CRC Spotlight Series: Greening the City of Watsonville
This is one in a series of profiles of the 12 winners of the California Resilience Challenge, a first-of-its-kind statewide initiative of the Bay Area Council and a diverse array of partners. The Challenge recently awarded $2 million in planning grants for a variety of innovative projects in communities across the state to address the growing impacts of climate change, including drought, floods, wildfires, and sea-level rise.
The City of Watsonville, located along the Pajaro River which flows 30 miles before emptying into Monterey Bay, is prone to floods that are exacerbated by climate change. Other extreme weather patterns are have become increasingly common in the region, including extreme heat and drought. The City of Watsonville’s agricultural economy and diverse population make it particularly sensitive to the impacts of climate change.
With a grant from the California Resilience Challenge, Watsonville is developing a Green Infrastructure (GI) implementation plan provide a pathway for the City to achieve a myriad of adaptation goals by using vegetation, soils, and natural process to manage water and create a more resilient environment. GI can range in scale from site design approaches such as raingardens and green roofs, to regional planning approaches such as land conservation or wide-scale tree planting.
The GI plan will serve as a robust update of the 2006 Urban Greening Program and a supplement to the 2012 Climate Action Plan. While both programs introduced important sustainability practices, their efforts primarily focused on energy conservation and greenhouse gas reduction. Watsonville’s GI implementation plan recognizes the need for more direction action and therefore focuses its efforts on increased resiliency and climate adaptation.
Specifically, the plan will develop and deploy a “site selection” methodology that identifies GI priority areas based on prior planning efforts, community input, and supplemental climate modeling techniques. The plan will also identify feasible conceptual designs for priority areas and provide an implementation roadmap with tangible funding opportunities.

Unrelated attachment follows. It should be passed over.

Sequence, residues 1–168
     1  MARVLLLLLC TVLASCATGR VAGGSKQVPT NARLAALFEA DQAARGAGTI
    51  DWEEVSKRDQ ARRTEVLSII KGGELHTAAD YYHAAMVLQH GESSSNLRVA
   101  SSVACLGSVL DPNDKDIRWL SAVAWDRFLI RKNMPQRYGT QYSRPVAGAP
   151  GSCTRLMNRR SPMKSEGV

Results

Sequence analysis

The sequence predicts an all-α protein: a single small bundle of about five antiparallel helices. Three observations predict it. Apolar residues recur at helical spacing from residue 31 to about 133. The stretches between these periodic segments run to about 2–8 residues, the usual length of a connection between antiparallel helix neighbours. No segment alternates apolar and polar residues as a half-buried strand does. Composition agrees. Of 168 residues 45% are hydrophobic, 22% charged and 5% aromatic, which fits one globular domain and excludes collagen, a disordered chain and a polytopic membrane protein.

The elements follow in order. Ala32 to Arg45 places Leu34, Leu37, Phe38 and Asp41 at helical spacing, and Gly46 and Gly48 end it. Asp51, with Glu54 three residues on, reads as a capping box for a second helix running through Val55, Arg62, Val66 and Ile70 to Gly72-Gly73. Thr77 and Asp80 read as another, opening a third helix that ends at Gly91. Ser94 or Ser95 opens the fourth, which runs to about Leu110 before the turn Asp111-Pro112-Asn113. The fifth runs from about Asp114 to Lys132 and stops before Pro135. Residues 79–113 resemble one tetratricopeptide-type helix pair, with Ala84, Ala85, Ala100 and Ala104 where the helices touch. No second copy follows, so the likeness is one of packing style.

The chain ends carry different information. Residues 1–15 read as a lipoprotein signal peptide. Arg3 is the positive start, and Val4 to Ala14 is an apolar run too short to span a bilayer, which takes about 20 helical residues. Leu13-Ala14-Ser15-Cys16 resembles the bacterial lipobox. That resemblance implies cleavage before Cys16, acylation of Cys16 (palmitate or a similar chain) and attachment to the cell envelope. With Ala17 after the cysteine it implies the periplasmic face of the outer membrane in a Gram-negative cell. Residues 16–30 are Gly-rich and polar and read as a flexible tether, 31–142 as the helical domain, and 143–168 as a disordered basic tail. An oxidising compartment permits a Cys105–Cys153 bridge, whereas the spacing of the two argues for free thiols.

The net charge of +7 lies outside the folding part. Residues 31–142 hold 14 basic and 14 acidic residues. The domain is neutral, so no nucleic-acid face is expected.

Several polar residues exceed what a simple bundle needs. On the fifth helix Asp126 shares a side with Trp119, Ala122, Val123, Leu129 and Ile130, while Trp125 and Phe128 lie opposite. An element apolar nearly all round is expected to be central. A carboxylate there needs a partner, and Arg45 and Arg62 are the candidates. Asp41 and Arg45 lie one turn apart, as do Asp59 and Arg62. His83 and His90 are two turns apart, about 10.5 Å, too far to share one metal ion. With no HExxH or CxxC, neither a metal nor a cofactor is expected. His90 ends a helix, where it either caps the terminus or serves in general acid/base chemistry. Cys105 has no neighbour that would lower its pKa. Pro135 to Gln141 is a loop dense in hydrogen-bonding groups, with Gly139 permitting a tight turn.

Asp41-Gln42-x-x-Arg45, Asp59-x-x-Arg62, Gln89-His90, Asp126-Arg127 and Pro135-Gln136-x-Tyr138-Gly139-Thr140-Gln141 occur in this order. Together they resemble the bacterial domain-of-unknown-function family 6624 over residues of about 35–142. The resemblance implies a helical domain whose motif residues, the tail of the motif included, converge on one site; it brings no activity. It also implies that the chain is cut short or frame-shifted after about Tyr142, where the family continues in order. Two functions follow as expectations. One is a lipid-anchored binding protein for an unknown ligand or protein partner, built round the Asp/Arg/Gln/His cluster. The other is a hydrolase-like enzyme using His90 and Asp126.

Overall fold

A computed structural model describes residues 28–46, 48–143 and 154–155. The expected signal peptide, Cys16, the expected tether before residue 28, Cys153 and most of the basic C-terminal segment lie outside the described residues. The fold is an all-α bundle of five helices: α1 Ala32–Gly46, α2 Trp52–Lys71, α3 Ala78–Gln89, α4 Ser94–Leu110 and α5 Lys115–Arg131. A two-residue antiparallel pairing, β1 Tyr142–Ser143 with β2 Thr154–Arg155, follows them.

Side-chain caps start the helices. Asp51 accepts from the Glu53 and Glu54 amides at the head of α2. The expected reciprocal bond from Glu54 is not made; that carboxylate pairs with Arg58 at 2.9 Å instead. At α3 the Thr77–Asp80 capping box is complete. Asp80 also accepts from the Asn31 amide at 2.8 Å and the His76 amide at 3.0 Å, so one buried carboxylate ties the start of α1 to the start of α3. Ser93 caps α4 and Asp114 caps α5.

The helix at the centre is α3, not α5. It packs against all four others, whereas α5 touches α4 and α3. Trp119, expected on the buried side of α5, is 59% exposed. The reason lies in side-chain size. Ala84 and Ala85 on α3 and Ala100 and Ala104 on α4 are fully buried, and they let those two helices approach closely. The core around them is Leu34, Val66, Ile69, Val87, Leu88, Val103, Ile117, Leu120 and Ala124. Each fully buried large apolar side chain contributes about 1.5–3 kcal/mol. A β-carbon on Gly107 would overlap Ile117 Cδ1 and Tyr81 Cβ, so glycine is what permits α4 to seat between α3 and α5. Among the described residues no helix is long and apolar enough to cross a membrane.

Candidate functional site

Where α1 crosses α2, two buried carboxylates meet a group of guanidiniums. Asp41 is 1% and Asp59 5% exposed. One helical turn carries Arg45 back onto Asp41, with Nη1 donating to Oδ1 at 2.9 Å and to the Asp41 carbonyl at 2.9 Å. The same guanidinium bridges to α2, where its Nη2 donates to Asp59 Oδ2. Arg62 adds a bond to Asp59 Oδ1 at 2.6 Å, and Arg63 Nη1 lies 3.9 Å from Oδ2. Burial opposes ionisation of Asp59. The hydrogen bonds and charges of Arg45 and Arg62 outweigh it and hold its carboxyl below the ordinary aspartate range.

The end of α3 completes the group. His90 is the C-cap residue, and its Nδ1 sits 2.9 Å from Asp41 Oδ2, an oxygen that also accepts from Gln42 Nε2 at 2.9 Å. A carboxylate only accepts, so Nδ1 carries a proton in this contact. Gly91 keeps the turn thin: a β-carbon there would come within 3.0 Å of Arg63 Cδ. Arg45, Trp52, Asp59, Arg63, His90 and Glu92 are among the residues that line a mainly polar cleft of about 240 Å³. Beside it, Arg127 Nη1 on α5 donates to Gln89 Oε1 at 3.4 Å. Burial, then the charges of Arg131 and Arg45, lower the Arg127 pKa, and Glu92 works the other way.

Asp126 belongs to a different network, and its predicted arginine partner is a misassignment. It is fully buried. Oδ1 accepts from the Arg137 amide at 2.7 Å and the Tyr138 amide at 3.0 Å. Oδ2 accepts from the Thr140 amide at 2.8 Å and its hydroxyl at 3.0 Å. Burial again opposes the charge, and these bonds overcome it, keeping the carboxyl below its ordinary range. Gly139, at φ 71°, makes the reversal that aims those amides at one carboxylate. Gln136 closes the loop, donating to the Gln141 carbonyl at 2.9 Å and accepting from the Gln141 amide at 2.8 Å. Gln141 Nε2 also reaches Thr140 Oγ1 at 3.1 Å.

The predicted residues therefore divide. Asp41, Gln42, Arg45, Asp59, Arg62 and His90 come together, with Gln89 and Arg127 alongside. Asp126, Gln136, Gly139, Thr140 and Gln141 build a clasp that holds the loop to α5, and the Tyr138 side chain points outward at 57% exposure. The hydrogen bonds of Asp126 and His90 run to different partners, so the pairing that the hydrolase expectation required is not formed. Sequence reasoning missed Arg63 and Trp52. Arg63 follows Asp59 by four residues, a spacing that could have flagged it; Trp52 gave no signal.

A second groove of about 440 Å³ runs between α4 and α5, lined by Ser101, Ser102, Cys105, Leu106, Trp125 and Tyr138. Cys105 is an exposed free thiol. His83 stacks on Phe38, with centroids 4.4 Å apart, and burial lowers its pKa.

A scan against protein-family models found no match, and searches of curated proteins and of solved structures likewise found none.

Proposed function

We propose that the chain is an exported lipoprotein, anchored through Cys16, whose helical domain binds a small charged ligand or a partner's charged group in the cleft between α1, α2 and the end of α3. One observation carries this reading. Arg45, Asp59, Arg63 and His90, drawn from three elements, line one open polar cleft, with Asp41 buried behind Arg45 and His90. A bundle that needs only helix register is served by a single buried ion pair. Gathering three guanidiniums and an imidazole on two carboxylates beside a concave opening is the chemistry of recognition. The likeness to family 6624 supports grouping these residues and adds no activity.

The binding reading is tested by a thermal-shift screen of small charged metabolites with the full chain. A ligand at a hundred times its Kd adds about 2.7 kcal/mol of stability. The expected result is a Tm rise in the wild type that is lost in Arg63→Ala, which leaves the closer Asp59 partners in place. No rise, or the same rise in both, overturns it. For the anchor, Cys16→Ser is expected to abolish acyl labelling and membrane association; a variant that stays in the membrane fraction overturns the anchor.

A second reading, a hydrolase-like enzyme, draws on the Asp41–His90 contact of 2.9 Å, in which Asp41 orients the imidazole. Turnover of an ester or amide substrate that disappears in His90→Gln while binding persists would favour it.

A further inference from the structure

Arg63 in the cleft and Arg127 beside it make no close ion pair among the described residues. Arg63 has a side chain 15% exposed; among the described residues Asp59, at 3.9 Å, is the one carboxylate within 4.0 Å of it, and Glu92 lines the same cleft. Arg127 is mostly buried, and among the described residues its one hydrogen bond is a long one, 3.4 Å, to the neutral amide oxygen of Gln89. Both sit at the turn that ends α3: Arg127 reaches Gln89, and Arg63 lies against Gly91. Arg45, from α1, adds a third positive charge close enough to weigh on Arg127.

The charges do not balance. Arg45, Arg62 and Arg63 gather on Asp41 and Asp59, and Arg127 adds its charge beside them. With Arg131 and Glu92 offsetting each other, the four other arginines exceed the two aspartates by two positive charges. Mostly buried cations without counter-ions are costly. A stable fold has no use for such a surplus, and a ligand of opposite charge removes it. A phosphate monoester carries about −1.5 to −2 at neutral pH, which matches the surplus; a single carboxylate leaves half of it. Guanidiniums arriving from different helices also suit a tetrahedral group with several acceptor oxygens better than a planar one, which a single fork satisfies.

“Recognizing the importance of community support and ownership in moving projects forward, the City of Watsonville will seek the engagement of residents and businesses throughout the planning process to ensure the goals and outcomes of the plan are transparent and beneficial, especially to climate sensitive or otherwise disadvantaged groups,” explained Jackie McCloud, the Senior Utilities Engineer for the City of Watsonville.
Overall, funds through the California Resilience Challenge will allow the City to identify the types of GI projects that will benefit the community through beautification, carbon sequestration, habitat connectivity, improved air quality, and water quality.
To learn more about the California Resilience Challenge, please contact Policy Associate Anna Sciaruto.
Special thanks to California Resilience Challenge funders PG&E, JPMorgan Chase & Co., Valley Water, Metropolitan Water District, Southern California Edison, Resources Legacy Fund, Alaska Airlines, SFPUC, SD Bechtel Jr. Foundation, and Pillsbury; and special thanks to Advisory Committee members AECOM, Pillsbury, Climate Resolve, Environmental Defense Fund, Ceres, and the Governor’s Office of Planning and Research.